Thinking of You: More Encounters with Family

When we got home, there was a card waiting for us. It was from a relative of one of ours.

One side of our family, mine, is almost entirely Catholic. The other side, Ami’s, is mostly Mormon. I’m not going to identify the relative who sent the note because much as this card hurt us both, it came from someone whom we both want to continue to have in our lives. And while it was one person who expressed the thought, it could have come from a number of our family members from both sides. We will call the writer Chris.

The front of the card said, “Thinking of You,” and the envelope was addressed to both of us. It was from one of the relatives we had visited on our trip. Inside there was an affirmation that we were always welcome in Chris’s house. Then it said, “I don’t think of your relationship as a marriage! nor do I like how you’re living it!” That first exclamation point was obviously inserted as an afterthought. It was signed “Love, Chris.”

To say that the card hurt us is an extraordinary understatement. Even days later, this card makes me cry.

When we visited, Chris had made no indication that our family was anything but a family, and seemed to very much welcome Frances. There were gifts for her, and at Chris’s request, we agreed to send a portrait of Frances to go with the other family photos Chris had on display. Everyone got hugs on the way out the door.

So what happened between the visit and our return home that made Chris write that card? I suspect guilt at having defied his or her church in some small way for having welcomed us. I suspect shame–maybe Sunday came around, and at church Chris worried that some other congregant might know and think poorly of Chris.

If I were to write a response, it would say something like this:

Dear Chris,

Thank you for welcoming us to your home. We very much enjoyed our visit and do plan to return.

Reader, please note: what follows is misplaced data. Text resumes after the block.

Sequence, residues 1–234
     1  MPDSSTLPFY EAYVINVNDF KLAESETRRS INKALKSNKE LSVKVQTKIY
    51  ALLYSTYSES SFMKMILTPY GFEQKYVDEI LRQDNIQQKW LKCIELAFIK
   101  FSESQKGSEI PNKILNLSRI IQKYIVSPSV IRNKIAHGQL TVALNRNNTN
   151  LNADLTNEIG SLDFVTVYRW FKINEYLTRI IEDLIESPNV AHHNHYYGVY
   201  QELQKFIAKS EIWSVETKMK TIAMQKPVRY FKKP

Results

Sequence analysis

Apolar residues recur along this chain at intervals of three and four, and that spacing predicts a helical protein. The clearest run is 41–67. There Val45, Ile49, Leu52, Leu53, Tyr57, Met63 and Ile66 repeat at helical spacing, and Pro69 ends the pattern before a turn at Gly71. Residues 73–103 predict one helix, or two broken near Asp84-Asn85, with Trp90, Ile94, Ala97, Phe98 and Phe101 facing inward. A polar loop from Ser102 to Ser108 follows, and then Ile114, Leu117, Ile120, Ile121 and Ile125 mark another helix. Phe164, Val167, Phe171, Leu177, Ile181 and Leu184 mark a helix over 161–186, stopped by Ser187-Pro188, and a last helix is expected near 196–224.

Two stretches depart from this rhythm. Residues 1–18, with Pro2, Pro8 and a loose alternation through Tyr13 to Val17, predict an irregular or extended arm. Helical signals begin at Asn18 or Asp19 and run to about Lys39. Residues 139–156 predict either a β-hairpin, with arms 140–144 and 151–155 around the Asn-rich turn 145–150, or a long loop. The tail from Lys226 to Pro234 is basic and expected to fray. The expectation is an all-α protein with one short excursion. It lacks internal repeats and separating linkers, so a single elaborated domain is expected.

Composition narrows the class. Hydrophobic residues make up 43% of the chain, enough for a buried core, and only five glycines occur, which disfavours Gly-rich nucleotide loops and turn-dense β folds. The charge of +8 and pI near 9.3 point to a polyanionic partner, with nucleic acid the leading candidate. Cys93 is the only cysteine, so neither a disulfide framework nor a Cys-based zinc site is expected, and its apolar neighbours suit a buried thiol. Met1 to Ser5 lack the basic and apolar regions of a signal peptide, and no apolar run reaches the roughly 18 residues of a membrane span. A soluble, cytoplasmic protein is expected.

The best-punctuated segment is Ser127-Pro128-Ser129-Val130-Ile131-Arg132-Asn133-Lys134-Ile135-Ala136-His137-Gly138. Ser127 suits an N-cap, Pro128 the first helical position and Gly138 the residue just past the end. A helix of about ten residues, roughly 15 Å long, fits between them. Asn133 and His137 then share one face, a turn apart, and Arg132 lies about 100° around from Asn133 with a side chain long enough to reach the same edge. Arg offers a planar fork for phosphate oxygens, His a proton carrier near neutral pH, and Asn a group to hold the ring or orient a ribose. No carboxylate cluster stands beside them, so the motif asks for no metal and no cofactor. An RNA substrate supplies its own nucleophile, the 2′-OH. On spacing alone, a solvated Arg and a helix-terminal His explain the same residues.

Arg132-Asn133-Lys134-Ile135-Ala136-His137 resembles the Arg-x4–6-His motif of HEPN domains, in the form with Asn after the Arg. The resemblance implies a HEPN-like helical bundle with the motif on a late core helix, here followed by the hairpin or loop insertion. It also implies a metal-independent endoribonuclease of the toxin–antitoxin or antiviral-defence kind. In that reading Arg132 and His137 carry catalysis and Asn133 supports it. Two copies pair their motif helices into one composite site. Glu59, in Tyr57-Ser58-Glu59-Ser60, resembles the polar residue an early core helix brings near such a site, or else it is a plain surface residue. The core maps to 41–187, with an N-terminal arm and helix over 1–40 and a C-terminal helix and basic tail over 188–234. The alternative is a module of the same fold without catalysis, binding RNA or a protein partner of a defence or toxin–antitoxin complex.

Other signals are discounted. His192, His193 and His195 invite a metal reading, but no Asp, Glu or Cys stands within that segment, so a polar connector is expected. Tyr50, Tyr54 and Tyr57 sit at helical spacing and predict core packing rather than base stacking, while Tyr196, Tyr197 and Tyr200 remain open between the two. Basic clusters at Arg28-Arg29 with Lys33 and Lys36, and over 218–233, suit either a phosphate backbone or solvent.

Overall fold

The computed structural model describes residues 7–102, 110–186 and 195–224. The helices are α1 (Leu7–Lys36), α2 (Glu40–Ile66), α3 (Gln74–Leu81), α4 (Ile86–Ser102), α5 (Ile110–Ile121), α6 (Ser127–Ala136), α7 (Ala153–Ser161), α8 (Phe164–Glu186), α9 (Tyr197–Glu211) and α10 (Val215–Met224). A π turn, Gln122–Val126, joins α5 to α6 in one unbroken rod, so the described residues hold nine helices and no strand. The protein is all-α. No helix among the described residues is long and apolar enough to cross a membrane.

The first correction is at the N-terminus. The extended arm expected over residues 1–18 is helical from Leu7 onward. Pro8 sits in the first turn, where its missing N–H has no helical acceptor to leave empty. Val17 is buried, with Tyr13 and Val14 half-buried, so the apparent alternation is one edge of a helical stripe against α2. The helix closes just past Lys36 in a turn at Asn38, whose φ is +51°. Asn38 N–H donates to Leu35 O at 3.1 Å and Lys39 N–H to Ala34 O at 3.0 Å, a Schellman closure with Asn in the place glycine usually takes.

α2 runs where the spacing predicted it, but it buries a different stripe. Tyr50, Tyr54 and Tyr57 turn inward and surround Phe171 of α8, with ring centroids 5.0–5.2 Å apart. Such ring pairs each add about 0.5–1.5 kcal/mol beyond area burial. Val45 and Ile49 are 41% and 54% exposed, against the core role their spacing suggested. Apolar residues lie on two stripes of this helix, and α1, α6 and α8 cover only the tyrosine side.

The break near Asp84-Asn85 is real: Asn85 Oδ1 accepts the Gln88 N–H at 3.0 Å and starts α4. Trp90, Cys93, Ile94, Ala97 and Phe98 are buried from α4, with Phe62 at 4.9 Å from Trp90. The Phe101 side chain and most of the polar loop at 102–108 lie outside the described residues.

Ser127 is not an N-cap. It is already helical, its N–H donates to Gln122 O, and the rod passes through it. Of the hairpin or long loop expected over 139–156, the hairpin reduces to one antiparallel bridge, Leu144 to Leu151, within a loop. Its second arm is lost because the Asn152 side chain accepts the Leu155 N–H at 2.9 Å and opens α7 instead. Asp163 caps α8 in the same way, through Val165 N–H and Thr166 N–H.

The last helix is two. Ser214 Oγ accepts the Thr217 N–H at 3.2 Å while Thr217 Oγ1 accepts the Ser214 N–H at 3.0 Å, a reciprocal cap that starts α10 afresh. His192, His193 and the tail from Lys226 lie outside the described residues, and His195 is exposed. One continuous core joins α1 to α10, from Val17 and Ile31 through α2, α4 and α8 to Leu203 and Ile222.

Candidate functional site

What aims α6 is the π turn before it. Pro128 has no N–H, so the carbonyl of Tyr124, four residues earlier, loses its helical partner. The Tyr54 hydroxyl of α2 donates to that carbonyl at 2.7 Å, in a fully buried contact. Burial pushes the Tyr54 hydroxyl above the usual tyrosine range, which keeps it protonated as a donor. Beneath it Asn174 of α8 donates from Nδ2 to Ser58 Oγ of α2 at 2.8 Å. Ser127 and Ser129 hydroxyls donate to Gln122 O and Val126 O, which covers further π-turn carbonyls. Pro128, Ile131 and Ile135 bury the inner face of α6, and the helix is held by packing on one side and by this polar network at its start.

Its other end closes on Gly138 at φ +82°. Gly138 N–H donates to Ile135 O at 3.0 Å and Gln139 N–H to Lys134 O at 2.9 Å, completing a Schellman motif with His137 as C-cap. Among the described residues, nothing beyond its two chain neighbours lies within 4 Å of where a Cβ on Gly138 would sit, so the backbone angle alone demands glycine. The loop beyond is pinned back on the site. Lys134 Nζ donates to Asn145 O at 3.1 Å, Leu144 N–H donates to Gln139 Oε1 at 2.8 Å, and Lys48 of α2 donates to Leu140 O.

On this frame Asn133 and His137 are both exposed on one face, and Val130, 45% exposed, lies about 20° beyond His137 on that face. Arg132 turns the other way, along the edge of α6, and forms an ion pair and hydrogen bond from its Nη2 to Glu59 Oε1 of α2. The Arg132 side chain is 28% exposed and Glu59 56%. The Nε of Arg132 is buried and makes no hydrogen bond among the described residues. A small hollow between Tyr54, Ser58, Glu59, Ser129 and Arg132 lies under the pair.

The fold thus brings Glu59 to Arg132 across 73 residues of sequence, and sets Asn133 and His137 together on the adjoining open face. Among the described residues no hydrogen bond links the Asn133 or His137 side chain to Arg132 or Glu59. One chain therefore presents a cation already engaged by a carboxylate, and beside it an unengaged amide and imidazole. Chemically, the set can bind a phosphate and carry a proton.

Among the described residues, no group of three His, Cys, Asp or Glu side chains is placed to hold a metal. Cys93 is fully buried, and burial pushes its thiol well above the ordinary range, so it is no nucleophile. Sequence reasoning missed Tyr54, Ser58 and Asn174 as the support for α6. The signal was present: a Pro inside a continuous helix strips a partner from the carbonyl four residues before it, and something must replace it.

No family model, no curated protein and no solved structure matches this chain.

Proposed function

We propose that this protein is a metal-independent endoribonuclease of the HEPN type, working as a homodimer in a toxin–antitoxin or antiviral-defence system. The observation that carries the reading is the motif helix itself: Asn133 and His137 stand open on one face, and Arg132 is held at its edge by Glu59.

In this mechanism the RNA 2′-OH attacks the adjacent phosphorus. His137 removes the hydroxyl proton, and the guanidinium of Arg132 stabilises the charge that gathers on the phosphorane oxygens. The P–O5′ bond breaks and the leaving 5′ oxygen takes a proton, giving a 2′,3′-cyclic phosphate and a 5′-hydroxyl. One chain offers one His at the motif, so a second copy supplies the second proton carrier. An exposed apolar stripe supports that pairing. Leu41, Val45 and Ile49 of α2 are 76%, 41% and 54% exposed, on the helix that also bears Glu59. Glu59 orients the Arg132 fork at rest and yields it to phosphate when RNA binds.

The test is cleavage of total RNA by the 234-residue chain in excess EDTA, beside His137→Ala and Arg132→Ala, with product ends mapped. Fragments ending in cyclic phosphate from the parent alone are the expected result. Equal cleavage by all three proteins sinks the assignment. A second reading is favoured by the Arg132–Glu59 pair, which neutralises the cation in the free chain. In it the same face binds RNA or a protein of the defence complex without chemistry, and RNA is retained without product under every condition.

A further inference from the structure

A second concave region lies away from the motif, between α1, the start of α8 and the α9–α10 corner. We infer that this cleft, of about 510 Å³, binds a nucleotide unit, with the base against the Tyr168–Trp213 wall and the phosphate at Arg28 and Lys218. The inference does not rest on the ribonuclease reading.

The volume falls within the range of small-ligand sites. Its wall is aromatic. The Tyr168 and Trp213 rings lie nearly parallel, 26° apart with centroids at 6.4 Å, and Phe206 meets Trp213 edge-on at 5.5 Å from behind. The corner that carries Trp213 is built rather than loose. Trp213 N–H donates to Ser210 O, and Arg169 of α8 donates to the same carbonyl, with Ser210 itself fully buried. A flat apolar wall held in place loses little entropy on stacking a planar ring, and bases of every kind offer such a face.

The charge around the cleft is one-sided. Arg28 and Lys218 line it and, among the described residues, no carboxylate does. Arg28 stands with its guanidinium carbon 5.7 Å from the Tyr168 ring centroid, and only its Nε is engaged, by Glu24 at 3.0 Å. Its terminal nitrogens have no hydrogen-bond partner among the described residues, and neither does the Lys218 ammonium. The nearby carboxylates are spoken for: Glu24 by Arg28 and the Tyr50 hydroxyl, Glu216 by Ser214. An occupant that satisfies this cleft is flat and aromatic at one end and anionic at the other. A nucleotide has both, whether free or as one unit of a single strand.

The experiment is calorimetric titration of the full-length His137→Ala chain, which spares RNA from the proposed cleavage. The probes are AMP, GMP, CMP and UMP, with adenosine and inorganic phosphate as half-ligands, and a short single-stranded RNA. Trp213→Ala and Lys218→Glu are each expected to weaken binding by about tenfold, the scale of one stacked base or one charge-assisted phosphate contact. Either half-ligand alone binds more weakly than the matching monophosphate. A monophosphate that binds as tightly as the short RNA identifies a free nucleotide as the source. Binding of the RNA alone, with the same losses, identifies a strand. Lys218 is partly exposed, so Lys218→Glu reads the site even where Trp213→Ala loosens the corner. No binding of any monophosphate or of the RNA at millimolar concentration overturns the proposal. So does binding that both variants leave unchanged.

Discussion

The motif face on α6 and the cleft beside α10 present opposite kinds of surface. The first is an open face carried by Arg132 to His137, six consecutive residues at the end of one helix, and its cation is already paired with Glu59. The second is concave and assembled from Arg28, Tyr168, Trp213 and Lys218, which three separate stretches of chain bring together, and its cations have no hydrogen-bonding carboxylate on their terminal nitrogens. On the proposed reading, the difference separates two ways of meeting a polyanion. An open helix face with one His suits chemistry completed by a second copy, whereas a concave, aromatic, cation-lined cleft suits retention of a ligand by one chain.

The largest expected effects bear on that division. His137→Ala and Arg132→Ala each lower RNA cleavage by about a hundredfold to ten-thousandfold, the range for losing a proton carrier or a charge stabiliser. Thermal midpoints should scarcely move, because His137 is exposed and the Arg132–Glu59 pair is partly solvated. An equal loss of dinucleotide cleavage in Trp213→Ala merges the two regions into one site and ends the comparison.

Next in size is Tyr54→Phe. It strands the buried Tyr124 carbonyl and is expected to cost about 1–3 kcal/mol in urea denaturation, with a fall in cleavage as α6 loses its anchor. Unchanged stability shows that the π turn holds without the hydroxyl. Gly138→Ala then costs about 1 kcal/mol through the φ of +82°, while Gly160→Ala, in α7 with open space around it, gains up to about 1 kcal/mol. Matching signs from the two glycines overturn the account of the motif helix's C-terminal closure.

However, we do have to say that we do not believe in the Catholic (Mormon) faith, nor do we like how the church is behaving. It has hurt us in both personal and practical ways, and has hurt many other people in our community as well.


How have the queers hurt you, Chris? I can ennumerate the ways that the Catholic and Mormon churches have hurt us. 1. Proposition 8. 2. Question 1. We’re just trying to have our own private lives while your churches are pouring money into state ballot measures–money collected from congregations all over the world–in order to keep us in our closets, keep us ashamed.

That Chris wrote the note to both of us–her biological family member, with whom she might feel an entitlement to express her opinion, as well as to the in-law she doesn’t believe in–implies that s/he feels a moral latitude to correct gayness in the world at large.

The subtext of that note is this: you should feel ashamed of your relationship. God and I think so. You can come to my house, and we’ll all pretend to be a family, but you need to feel shame while you are in my home.

I will not be ashamed.

Chris, you are a member of my family. I will visit your home, and I will participate in your life to the extent you allow, as long as you never express or even imply your opinion on the subject to our daughter. I will keep quiet about your private correspondence to us, and I will not send my response, out of deference to your esteemed place in the family.

But I will never be ashamed or act ashamed of my family or whom I love. This is where the charade ends.


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